How to Prioritize Business Growth Opportunities (Ansoff): The ICE Prioritization Tool

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How to Prioritize Business Growth Opportunities (Ansoff): The ICE Prioritization Tool
Diana Alexandrova, Premium Member
The Ansoff Matrix can be a useful model to generate and communicate business growth opportunities. However, organizations need to keep in mind that there are several factors that might hinder companies to pursue certain strategies, such as the availability of resources and access to resources. Therefore, companies need to evaluate and prioritize potential strategies in a systematic manner.
Chaneski (2012) argues that business decisions need to be based on priorities. A helpful tool for setting priorities is the ICE tool. ICE stands for 3 factors that should be considered whenever strategic priorities are set: Impact, Cost and Effort:
  • IMPACT: Impact can be measured in terms of sales growth; cost savings; quality improvement; better customer service and anything that benefits the company.
  • COST: Cost is a critical component when evaluating any growth strategy. With limited funds, companies must make careful choices about where to focus resources. Even the best idea should not be pursued if the costs are too high.
  • EFFORT: Strategies must be considered in terms of resources available and time required. Effective allocation of human resources is critical.
Combining these three decision factors yield 5 different scores:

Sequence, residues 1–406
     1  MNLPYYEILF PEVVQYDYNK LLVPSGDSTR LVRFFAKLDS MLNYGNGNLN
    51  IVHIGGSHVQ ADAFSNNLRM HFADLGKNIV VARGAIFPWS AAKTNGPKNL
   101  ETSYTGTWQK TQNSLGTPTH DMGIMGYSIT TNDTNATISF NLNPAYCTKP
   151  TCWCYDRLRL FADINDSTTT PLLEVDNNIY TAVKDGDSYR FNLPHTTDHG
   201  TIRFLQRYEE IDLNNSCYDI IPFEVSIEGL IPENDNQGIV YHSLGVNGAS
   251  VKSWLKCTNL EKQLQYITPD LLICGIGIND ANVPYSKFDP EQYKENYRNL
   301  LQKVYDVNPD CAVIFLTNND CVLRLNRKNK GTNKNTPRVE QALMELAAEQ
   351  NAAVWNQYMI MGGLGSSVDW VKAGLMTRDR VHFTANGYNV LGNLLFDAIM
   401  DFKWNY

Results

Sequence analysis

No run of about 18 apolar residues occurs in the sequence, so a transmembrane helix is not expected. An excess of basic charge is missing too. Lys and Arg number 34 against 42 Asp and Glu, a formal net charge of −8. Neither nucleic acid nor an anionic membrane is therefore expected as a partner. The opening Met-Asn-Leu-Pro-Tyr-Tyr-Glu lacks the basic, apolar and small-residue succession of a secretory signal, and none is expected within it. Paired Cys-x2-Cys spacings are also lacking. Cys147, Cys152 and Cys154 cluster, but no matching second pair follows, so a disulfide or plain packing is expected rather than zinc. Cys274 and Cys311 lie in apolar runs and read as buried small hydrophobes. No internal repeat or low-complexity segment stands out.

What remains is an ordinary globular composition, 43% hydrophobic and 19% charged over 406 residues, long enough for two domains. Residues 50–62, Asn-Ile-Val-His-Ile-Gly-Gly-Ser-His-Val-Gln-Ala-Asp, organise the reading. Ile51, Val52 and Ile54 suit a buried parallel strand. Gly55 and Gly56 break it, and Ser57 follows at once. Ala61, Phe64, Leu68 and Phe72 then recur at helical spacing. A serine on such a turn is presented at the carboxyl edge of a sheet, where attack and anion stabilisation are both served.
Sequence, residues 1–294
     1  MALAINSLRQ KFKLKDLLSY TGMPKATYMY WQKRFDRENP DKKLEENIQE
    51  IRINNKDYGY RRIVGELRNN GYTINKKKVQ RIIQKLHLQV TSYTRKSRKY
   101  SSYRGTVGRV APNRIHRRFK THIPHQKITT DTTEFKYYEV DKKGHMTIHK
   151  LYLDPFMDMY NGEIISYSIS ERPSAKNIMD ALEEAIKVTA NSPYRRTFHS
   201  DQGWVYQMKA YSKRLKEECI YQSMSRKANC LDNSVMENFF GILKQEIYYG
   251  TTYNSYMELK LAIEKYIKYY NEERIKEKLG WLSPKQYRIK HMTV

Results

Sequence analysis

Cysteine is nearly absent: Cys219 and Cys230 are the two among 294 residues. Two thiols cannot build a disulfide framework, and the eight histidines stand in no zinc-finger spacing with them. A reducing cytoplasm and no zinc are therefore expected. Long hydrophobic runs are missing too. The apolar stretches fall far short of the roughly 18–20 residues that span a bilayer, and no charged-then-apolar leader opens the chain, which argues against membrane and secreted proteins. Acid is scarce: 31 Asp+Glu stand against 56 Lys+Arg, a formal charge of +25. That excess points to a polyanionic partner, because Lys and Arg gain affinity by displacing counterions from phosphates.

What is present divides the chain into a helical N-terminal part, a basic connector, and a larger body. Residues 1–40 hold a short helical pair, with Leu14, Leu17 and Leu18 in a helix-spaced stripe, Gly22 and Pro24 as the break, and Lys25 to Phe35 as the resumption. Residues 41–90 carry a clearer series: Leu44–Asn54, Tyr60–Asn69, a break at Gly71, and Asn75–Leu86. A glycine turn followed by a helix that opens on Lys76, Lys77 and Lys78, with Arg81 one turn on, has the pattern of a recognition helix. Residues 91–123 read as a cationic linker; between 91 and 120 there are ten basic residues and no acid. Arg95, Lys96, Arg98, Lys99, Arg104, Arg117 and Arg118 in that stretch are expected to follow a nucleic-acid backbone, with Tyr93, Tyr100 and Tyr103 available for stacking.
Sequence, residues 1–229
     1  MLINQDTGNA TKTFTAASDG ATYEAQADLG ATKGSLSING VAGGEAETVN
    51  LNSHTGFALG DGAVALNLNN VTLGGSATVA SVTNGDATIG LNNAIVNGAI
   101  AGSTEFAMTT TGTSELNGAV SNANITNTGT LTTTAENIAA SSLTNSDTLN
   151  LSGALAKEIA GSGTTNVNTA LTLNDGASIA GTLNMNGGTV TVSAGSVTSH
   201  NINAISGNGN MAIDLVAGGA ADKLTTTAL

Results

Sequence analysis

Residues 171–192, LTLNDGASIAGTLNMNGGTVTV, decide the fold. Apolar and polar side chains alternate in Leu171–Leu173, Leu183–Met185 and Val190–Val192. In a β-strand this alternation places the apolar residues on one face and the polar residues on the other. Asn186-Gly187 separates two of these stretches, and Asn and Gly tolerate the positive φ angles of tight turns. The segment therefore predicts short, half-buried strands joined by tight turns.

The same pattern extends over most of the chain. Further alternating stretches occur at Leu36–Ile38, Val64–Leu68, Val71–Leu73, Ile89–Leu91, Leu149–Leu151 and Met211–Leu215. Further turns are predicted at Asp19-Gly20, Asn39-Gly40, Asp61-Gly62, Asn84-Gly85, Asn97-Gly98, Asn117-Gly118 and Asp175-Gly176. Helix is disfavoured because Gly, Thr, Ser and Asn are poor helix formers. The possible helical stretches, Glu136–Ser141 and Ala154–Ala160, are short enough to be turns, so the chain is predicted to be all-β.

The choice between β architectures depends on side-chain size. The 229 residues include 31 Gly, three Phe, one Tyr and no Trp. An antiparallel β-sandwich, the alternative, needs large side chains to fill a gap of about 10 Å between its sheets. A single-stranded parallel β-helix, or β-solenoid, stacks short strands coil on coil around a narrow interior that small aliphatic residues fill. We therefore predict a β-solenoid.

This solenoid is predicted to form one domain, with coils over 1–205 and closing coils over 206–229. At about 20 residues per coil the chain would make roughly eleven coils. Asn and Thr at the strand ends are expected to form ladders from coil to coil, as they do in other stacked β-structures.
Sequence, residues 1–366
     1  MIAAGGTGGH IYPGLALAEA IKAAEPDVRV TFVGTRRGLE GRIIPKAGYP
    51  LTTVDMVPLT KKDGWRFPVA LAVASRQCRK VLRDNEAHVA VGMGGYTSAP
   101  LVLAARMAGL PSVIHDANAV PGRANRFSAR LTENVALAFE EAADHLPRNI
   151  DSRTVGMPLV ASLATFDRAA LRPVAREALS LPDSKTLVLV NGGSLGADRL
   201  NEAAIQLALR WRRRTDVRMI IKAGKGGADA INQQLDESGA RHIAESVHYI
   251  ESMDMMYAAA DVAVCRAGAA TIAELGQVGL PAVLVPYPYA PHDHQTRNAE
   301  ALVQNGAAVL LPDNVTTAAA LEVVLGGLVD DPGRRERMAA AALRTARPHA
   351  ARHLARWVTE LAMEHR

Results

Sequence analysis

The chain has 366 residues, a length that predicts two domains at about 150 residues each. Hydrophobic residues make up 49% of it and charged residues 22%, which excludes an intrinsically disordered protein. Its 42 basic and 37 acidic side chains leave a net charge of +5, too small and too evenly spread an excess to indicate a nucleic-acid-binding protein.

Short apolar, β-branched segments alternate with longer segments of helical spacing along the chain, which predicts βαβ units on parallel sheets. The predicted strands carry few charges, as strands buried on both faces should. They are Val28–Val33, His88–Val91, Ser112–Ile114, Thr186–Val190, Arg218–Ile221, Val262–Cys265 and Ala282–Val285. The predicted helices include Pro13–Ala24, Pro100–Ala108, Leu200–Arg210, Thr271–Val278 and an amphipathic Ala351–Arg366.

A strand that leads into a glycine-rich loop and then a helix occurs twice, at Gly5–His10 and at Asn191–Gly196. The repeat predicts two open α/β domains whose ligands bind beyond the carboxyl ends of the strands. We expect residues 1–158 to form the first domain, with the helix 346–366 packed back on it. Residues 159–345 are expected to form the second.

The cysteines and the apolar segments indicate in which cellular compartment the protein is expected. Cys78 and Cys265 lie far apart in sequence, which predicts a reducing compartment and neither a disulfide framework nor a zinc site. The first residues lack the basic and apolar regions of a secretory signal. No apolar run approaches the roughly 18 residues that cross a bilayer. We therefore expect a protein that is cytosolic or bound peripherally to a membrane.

1. A score of 4 is the highest score. It shows an extraordinary opportunity because it can generate a high impact with low cost and low effort. These opportunities must be acted upon immediately.
  2. A score of 3 is the second highest. It represents a strong opportunity that can generate a high impact with either low cost or low effort. These opportunities must be acted upon as soon as possible.
  3. A score of 2 is the mid-level priority score designating something that provides either a high impact with a high cost and effort, or a low impact that can be achieved at low cost and low effort. Companies may want to address priority 2 opportunities as resources and funds become available.
  4. Any opportunities with a score of 1 or 0 on the ICE prioritization tool should probably not be pursued in the near future or not at all.
  5. In conclusion, the ICE prioritization tool evaluates the importance of various tasks or growth strategies that need to be accomplished but compete for the same resources or a limited pool of funds.

    ⇒ In my experience, the application of the ICE prioritization tool is a useful tool to assess the benefits of growth strategies. The team I worked with listed the various business growth strategies via a brainstorm session, thereby using the Ansoff Matrix as a guide. The ICE tool enabled us to prioritize and choose which growth strategies should obtain highest priority and which should be pursued as a priority. What is your experience? How do you choose between growth strategies? What tools have you found useful or not so useful?

    Sources: Chaneski, W.S. 2012, "Use ICE to Set Business Priorities", Modern Machine Shop,vol. 84, no. 9, pp. 34-34, 36.
 

 
Faceted Feature Analysis
Sascha A. Carlin, Member
The common problem seems to be "how to order activities relative to each other to find out which has more/less value".

What I have been using for this is a tiny bit more elaborate than just ICE: boxesandarrows.com/faceted-feature-analysis/
(Allows for priority setting between costs, business value and customer value.)

What I never understood with ICE: What is the difference between effort and cost and why is this difference so important that you have to take it into account?
 

 
 

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